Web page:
The furnace at present in use is charged in substantially the same manner, and the current is supplied by a Brush machine of variable electromotive force driven by an equivalent of forty horse power. A Brush machine capable of utilizing 125 horse power, or two and one-half times as large as any hitherto constructed by the Brush Electric Company, is being made for the Cowles Electric Smelting and Aluminum Company, and this machine will soon be in operation. Experiments already made so that aluminum, silicon, boron, manganese, magnesium, sodium and potassium can be reduced from their oxides with ease. In fact, there is no oxide that can withstand temperatures attainable in this electrical furnace. Charcoal is changed to graphite. Does this indicate fusion or solution of carbon? As to what can be accomplished by converting enormous electrical energy into heat within a limited space, it can only be said that it opens the way into an extensive field for both pure and applied chemistry. It is not difficult to conceive of temperatures limited only by the capability of carbon to resist fusion.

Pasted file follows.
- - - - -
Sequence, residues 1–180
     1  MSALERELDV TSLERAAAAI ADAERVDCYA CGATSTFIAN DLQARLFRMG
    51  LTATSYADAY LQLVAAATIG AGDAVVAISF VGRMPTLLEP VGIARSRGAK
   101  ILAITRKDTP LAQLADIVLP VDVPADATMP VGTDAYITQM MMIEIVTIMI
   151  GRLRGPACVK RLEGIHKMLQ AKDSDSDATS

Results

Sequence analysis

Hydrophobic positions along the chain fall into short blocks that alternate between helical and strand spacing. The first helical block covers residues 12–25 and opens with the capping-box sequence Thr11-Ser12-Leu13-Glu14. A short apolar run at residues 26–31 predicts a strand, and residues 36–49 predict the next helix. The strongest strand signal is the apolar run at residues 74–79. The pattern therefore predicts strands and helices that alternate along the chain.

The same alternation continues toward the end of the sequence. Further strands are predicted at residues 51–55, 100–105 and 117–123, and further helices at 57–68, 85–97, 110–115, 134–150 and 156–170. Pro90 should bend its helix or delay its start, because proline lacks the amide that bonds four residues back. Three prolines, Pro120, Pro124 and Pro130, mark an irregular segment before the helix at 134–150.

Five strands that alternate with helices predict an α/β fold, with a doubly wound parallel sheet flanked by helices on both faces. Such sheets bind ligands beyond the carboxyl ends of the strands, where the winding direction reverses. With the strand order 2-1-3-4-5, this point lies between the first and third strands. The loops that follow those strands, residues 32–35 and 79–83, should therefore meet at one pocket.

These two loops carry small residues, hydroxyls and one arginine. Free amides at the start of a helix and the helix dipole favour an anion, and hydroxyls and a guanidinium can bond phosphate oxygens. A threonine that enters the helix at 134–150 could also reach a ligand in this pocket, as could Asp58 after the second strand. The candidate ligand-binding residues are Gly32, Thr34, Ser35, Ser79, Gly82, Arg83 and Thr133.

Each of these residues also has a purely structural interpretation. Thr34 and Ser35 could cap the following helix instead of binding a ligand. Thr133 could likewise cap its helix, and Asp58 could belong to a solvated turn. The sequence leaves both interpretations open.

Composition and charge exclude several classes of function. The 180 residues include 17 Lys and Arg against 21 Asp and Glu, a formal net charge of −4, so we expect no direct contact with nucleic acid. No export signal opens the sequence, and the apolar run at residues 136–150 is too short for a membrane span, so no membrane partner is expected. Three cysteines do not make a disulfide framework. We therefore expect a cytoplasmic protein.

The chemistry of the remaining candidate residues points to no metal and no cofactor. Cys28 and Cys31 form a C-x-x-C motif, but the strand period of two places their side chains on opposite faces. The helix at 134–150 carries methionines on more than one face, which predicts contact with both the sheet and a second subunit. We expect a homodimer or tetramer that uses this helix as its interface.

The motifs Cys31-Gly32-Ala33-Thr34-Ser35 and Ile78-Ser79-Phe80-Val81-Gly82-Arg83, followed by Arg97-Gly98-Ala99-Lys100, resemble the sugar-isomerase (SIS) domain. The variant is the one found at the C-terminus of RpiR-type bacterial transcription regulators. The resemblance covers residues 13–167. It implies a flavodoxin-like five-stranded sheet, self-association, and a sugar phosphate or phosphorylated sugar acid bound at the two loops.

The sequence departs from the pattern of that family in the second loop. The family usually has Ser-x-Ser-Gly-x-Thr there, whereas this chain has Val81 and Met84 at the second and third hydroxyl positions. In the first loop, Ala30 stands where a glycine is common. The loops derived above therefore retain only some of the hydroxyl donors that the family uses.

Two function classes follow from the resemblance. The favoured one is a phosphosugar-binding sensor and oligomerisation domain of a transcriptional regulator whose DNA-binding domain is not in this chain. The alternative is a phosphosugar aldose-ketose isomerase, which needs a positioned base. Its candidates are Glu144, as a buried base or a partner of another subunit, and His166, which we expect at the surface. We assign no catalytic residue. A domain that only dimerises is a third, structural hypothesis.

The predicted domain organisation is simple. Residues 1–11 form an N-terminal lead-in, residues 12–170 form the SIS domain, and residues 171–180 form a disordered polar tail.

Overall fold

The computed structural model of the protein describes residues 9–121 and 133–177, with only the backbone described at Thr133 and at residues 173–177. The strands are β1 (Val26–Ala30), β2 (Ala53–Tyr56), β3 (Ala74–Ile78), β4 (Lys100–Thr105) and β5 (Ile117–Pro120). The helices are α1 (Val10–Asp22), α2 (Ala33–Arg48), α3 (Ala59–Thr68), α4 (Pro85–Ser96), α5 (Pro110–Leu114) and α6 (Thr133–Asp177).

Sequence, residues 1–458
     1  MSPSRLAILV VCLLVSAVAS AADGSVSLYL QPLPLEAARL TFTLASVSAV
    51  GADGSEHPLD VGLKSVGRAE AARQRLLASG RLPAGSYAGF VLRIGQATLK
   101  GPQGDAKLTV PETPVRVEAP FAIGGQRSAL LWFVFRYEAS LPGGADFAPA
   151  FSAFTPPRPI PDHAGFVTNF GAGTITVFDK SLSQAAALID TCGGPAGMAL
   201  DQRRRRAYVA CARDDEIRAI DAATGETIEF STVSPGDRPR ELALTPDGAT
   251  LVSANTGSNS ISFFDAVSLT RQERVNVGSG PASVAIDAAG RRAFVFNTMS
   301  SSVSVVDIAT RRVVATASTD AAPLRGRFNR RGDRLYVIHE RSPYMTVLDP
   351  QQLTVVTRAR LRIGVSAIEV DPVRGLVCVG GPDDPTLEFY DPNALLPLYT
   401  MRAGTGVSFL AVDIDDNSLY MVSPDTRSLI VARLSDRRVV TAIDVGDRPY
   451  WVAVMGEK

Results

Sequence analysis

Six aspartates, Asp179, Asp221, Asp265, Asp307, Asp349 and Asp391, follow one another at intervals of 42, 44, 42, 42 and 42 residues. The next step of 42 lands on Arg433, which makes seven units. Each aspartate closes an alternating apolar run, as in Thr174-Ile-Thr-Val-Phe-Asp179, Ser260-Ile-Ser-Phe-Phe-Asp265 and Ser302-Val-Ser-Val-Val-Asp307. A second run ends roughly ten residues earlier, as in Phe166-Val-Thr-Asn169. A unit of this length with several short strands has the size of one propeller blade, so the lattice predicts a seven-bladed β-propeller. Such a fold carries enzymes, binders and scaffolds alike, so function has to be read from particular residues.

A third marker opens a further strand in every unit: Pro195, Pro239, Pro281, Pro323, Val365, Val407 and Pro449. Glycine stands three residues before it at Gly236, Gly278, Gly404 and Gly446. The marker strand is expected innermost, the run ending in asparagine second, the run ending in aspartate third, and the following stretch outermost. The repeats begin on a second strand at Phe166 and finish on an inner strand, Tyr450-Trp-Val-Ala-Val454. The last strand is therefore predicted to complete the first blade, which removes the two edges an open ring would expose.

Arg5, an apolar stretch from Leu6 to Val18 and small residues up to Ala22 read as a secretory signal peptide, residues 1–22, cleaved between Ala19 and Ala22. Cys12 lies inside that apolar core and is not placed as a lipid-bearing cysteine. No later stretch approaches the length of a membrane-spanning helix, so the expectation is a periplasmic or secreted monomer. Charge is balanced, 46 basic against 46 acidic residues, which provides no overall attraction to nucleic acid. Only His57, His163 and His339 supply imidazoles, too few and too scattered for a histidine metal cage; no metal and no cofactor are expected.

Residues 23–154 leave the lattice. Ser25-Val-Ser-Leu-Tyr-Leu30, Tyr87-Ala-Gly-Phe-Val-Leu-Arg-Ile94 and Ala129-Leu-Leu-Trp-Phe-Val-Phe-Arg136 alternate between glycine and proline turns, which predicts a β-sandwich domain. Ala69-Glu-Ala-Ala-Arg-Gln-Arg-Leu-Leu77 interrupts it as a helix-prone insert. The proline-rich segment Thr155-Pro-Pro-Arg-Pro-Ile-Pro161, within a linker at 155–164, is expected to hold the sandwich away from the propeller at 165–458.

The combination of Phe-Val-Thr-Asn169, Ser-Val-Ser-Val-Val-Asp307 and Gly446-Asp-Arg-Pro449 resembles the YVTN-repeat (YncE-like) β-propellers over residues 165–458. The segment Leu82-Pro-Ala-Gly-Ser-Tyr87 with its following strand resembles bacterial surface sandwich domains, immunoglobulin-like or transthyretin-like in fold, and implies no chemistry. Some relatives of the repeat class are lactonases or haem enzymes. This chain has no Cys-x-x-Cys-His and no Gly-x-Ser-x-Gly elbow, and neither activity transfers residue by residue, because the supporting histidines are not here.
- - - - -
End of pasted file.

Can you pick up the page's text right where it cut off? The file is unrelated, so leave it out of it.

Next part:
The results to be obtained with the large Brush machine above mentioned will be of some importance in this direction.
Since the cost of the motive power is the chief expense in accomplishing reductions by this method, its commercial success is closely connected with the cheapest form of power to be obtained. Realizing the importance of this point, the Cowles Electric Smelting and Aluminum Company has purchased an extensive and reliable water power, and works are soon to be erected for the utilization of 1,200 horse power. An important feature in the use of these furnaces, from a commercial standpoint, is the slight technical skill required in their manipulation. The four furnaces in operation in the experimental laboratory at Cleveland are in charge of two young men twenty years of age, who, six months ago, knew absolutely nothing of electricity. The products at present manufactured are the various grades of aluminum bronze made from a rich furnace product that is obtained by adding copper to the charge of ore, silicon bronze prepared in the same manner, and aluminum silver, an alloy of aluminum with several other metals.